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I am trying to understand why $\mathbb{Q}$ is an injective abelian group but $\mathbb{Z}$ is not.

We say that an abelian group $A$ is injective if it has the following property: Given an abelian group $Q$, a subgroup $P<Q$ and a homomorphism $f:P\rightarrow A$ then there exists a homomorphism $g:Q\rightarrow A$ whose restriction to $P$ is $f$.

$\mathbb{Z}$ is not injective and this can be seen by considering the group $Q=(\mathbb{Q},+)$ with $P = \mathbb{Z}$ and $f:\mathbb{Z} \rightarrow \mathbb{Z}$ the identity map.

The following is a proof that $\mathbb{Q}$ is injective(from some of my course notes):

Let $Q$ be an abelian group with subgroup $P$ emedded within $Q$ via an injective map $i:P\rightarrow Q$. Since $P$ and $Q$ are both abelian they are direct products of cyclic groups. Let $G$ be a set of generators for $P$ and $H$ a set of generators for $Q$ containing $i(G)$. Notice that the image $f(P)$ is free abelian, since torsion elements must be mapped to $0\in\mathbb{Q}$

Define a map $g:H\rightarrow \mathbb{Q}$ by $g(x)=f(y)$ if there exists $y\in G$ so $i(G)=x$, otherwise define $G(x)=0$. Extend this map in the natural unique way to make a homomorhism $g:Q\rightarrow \mathbb{Q}$. This is well defined as $i$ is injective. Moreover, for all $x\in G$, we have $g(x)=f(y)=f(i(x))$; so as the image of $P$ under both maps is free abelian we have $g(x)=f(i(x))\forall{x}\in P$. Hence $\mathbb{Q}$ is injective.

I understand the counterexample for $\mathbb{Z}$ and I understand the proof. However I cannot understand why this proof doesn't apply to $\mathbb{Z}$. Having thought about this for a while I am now not sure if the proof is valid, since it assumes all abelian groups (not just finitely generated) are the product of cyclic groups.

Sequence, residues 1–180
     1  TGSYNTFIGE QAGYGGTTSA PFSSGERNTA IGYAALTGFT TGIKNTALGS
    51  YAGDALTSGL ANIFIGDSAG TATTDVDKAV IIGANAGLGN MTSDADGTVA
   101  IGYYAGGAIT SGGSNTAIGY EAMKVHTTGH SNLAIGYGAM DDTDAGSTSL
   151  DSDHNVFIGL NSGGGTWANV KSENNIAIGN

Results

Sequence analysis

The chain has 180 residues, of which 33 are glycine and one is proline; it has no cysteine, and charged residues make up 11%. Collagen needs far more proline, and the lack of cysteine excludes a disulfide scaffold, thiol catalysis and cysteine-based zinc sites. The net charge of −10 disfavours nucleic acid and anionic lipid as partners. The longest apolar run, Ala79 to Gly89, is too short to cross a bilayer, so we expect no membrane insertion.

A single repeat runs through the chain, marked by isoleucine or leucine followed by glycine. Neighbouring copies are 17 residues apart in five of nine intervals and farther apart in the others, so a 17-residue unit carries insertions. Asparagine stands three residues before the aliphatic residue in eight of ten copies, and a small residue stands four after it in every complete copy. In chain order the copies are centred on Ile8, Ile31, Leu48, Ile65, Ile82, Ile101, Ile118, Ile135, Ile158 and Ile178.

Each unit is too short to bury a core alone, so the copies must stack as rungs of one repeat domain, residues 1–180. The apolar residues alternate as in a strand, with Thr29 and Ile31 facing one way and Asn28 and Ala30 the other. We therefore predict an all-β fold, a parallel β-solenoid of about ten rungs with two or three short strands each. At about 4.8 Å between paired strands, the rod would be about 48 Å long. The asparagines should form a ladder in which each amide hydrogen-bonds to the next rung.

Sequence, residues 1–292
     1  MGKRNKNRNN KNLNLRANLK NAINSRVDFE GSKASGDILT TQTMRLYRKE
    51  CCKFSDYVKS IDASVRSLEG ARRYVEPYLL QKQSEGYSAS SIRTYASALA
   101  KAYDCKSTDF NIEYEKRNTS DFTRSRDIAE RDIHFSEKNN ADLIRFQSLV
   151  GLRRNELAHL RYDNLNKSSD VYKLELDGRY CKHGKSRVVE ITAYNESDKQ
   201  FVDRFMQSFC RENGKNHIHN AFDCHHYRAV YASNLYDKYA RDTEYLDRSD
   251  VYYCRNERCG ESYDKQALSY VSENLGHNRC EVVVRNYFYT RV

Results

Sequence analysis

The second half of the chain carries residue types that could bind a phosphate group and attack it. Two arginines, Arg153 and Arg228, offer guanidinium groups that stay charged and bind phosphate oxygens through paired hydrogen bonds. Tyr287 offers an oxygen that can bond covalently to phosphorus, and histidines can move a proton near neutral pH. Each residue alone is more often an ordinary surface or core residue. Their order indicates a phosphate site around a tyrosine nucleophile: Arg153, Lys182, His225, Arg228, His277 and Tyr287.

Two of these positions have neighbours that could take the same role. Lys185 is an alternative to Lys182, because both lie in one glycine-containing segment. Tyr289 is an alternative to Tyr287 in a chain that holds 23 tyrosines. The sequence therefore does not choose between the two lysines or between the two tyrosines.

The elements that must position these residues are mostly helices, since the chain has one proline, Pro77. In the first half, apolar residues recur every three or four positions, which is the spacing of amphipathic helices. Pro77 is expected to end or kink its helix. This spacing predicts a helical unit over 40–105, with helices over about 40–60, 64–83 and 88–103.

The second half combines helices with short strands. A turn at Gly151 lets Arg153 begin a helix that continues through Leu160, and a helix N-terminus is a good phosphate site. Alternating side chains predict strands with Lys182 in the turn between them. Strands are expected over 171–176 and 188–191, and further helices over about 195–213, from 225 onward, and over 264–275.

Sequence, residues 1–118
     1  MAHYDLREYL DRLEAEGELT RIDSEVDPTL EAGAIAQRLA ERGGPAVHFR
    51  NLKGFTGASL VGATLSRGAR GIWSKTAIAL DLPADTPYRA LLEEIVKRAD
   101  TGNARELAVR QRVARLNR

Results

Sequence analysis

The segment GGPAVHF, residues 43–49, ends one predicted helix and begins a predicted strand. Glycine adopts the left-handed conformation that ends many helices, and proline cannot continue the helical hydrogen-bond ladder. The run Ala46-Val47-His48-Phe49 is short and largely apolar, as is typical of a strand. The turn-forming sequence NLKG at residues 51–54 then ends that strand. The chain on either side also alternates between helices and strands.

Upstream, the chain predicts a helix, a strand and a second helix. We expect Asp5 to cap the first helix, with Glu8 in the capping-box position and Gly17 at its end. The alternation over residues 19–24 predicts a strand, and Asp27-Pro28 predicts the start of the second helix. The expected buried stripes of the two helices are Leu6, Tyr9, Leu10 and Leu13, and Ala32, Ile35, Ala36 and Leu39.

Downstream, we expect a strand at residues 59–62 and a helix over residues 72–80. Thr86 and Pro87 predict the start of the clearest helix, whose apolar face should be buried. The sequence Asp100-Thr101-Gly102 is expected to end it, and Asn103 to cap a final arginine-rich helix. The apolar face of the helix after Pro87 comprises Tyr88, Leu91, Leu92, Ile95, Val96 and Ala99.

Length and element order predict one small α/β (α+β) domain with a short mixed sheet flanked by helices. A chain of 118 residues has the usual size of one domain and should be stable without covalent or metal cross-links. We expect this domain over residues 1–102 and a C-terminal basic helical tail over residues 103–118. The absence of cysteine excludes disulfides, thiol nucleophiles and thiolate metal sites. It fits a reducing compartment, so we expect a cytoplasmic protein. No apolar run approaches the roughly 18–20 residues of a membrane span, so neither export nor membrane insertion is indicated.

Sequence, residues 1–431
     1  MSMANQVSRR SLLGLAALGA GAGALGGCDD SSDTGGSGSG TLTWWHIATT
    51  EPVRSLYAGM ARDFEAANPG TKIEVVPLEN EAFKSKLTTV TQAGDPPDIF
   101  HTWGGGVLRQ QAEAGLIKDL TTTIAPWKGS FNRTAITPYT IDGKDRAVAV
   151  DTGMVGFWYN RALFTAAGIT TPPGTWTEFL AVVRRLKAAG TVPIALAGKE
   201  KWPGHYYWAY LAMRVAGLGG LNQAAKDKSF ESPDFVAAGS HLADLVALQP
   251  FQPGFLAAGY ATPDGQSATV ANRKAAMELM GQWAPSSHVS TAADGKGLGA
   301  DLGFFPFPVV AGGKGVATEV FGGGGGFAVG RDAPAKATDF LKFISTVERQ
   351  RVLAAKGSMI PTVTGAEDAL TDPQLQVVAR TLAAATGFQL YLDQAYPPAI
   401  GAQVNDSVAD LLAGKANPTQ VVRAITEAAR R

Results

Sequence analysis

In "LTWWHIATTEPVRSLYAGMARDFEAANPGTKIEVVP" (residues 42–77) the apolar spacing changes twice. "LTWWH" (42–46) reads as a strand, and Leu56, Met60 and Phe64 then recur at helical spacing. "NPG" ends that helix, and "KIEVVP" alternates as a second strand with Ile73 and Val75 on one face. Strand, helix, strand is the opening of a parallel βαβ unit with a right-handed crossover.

Thanks for any help

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you might want to rewrite "Z is not injective and this can be seen by considering the group Q=(Q,+) with P=Z and f:Z→Z the identity map.".... –  Praphulla Koushik Oct 23 '13 at 9:37
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In fact, as Rotman says, $\mathbb Q$ is divisible while $\mathbb Z$ is not. And that's why it has not the injective property. –  Babak S. Oct 23 '13 at 9:39
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@BabakS. thanks, so where in the proof that $\mathbb{Q}$ is injective do we use the fact that $\mathbb{Q}$ is divisible? –  hmmmm Oct 23 '13 at 9:54

1 Answer 1

up vote 2 down vote accepted

The proof is bogus. Take for example $Q=\mathbb Z$, $P=2\mathbb Z$, $G=\{2\}$, $H=\{1,2\}$. If $f\ne0$, there is no homomorphism $g$ extending $f$ with $g(1)=0$.

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Why does this show that the proof that $\mathbb{Q}$ is injective is bogus? –  hmmmm Oct 23 '13 at 10:23
    
Because, if I read it correctly, this is exactly what the construction in the proof yields. Did I misunderstand it? –  Carsten Schultz Oct 23 '13 at 10:48
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@hmmmm Carsten is right. The proof is bogus, because the map $g$ it defines is not a group homomorphism. If $y\in Q$ is not in $P$, but $2y$ is, then you cannot just send $y$ to 0, since the image of $2y$ is determined for you by $f$. You have to send $y$ to "half that image", i.e. to some element of $A$ that doubles to $f(2y)$. This also shows why the fact that $\mathbb{Q}$ is divisible is crucial for it to be injective. –  Alex B. Oct 23 '13 at 10:59

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